The first time I knew of the existence of the Arecibo radio telescope was when, while still a child, I first read Contact, Carl Sagan’s novel. And I say I believe it because many years have passed, and I do not feel confident in claiming that it was actually mentioned in the book, and not just in the Robert Zemeckis film, which came out 12 years later, in 1997. Perhaps the memory of the book is mixed with that of the Arecibo message, fruit of a time in which human beings did not stop looking at the sky. A spirit that has partially endured, and that gave rise to projects like the much-remembered SETI @ Home.
Today the sciences advance that it is outrageous, which was said in La Verbena de la Paloma, but in some aspects, and due to a mixture of bad luck and neglect, sometimes we take steps backwards. This is what is happening with the Arecibo radio telescope, Puerto Rico, which will have to be demolished urgently, after clear signs of exhaustion of part of the materials of its structure, more specifically of the cables from which the receiver hangs, which is located about 140 meters above the 305-meter radius plate.
In order for the receiver to remain suspended over the dish, the radio telescope has three towers from which several steel cables come out to support it. But nevertheless, in August one of these cables broke, something that not only threatened the structural integrity, but also caused damage to the plate. At that time, those responsible for Arecibo began to work on replacing said cable, while some studies were commissioned on the general state of the infrastructure.
Everything seemed more or less controlled, until a few days ago, already this November, a second cable broke, a sign that in the absence of the one that was already broken in August, the infrastructure that supports the receiver was above its maximum capacity. A visual exploration of the remaining cables showed that, as expected, the remaining cables are breaking, endangering the radio telescope and, more importantly, the safety of all personnel working at the iconic Arecibo facility. .
Since the break of the second cable everything looked pretty bad, and finally the agency responsible for the Arecibo radio telescope, The National Science Foundation of the United States, has confirmed that the radio telescope will be demolished soon, and in safe conditions for both the staff and the rest of the facilities that have operated, all these years, around the huge receiver. And it is that, as reported by the entity, its intention is that although the radio telescope disappears, the rest of the elements of Arecibo, such as the LIDAR with which the upper atmosphere and ionosphere are studied, continue to operate normally demolition completed.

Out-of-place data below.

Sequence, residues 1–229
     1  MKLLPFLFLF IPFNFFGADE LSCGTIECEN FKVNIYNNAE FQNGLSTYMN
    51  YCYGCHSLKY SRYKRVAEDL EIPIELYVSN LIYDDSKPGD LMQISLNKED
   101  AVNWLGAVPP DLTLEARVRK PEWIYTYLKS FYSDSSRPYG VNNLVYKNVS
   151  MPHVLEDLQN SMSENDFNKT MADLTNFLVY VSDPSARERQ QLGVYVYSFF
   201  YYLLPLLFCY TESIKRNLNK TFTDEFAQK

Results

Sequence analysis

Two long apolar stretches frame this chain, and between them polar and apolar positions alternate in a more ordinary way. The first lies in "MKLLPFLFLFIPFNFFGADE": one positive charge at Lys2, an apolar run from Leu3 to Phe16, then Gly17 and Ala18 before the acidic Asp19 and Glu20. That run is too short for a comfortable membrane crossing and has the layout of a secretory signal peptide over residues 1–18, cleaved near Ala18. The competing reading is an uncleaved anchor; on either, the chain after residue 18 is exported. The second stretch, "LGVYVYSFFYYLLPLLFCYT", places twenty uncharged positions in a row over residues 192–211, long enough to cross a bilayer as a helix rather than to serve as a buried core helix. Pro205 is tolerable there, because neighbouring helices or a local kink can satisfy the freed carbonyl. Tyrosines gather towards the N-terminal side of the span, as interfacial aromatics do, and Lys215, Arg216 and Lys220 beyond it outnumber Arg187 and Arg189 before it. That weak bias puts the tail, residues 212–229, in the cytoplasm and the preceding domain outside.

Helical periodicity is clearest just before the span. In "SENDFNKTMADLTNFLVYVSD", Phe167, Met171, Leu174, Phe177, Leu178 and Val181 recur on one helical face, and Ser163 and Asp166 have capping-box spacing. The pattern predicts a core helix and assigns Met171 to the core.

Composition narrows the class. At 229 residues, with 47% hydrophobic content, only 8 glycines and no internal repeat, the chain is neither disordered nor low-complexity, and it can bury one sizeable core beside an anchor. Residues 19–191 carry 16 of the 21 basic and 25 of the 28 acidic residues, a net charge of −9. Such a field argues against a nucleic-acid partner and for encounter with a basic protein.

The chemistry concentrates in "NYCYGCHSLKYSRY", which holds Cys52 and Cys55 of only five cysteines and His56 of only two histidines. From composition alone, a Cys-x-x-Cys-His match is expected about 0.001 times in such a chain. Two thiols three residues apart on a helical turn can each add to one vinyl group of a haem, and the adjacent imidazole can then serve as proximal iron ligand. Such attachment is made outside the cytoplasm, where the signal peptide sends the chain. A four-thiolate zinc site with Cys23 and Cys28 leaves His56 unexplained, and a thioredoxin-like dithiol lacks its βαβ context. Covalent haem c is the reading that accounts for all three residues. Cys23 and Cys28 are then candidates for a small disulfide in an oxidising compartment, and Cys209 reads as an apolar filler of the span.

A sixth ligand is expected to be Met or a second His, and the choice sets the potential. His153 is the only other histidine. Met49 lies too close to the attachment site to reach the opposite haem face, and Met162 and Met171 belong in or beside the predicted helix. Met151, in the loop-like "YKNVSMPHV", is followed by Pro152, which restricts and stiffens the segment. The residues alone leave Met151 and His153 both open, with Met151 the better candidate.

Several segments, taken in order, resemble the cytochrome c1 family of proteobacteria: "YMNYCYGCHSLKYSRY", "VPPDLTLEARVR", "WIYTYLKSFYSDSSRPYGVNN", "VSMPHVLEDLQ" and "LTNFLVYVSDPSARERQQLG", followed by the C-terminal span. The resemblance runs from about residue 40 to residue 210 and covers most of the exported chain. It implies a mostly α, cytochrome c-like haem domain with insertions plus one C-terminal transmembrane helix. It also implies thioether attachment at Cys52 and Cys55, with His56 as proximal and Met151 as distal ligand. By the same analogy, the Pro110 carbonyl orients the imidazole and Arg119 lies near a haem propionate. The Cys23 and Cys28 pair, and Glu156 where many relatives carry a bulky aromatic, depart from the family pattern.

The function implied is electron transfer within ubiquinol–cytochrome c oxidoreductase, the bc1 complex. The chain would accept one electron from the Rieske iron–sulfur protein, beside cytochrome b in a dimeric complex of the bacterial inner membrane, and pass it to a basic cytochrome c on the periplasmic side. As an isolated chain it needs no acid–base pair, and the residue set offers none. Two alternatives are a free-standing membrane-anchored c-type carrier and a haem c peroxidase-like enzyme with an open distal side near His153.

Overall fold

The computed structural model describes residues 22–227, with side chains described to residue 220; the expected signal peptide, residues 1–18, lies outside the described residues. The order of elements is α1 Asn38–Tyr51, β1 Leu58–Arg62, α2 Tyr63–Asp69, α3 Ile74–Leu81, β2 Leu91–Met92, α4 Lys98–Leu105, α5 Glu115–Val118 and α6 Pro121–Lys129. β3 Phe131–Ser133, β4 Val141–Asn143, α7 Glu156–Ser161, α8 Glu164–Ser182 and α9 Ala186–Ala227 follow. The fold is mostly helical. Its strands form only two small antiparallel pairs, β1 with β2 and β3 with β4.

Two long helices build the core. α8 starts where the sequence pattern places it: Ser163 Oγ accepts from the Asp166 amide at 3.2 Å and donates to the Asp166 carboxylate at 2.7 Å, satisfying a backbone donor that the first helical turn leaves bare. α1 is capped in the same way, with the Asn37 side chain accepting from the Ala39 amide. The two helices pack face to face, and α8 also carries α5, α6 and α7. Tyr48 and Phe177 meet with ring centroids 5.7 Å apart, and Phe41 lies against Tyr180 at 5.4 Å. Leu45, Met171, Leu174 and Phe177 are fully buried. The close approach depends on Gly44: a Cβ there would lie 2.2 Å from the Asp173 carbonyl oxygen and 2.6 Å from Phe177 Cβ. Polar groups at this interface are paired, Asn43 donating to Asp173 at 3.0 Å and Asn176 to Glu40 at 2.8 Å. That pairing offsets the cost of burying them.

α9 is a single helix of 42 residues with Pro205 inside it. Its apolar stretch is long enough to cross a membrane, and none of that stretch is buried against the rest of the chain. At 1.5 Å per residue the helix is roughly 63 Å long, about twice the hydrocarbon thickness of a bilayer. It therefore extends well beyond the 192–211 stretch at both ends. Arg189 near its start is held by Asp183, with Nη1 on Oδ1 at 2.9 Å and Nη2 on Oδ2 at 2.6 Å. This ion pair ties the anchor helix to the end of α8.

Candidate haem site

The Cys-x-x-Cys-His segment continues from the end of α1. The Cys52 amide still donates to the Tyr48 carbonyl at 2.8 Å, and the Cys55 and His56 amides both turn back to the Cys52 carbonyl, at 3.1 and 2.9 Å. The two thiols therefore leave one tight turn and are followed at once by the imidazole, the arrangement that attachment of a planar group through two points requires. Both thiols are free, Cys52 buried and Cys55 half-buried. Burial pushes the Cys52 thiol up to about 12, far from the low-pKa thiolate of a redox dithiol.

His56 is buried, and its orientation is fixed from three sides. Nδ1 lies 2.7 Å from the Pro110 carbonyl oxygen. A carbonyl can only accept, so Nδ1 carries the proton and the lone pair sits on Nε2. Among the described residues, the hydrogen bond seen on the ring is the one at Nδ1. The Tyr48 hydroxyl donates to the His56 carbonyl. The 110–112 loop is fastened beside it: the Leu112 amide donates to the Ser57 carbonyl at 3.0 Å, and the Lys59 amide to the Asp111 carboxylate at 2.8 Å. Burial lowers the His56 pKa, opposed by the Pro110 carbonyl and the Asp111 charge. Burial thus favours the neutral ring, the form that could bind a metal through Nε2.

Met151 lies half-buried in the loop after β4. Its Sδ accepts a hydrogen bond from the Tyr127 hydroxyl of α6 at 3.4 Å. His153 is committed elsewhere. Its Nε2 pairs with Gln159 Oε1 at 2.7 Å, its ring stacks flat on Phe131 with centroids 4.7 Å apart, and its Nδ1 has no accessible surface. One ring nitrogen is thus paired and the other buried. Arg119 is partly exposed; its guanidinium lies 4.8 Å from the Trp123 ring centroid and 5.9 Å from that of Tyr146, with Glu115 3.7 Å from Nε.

What has happened in Arecibo?
Although the most important thing now is undoubtedly the safe demolition of the radio telescope, also an investigation of what happened in Arecibo will have to be carried out (and this is why he spoke of sloppiness at first). The reason for this is that it is assumed that periodic studies of the state of the infrastructure have been carried out, and none of those carried out until August of this year pointed to any problem with the cables. Put another way: based on those studies, this shouldn’t have happened.
It is true, and no one doubts it, that Arecibo’s weather conditions are harsh for certain types of materials and infrastructures, but this is a factor that we must take for granted that was taken into account in the aforementioned reviews. How is it possible, therefore, that not the slightest signal was detected? How is it possible that the first cable broke overnight, without giving prior signs of stress and fatigue? I am not saying that it is impossible, but I am saying that it is strange, and therefore I believe that the reliability of such periodic checks and, therefore, of those responsible should be evaluated.
And it is that, if these problems have been detected at an early stage, it would have been possible to replace damaged cables and take additional measures. Now, however, the Arecibo radio telescope must be demolished as soon as possible and in safe conditions, which is quite complex, since there are risks both that more cables will break and the receiver ends up falling, as well as that the remaining cables yes they resist, but due to the imbalance in the load distribution, it is the towers from which the cables hang that collapse.
Images: Mariordo / JidoBG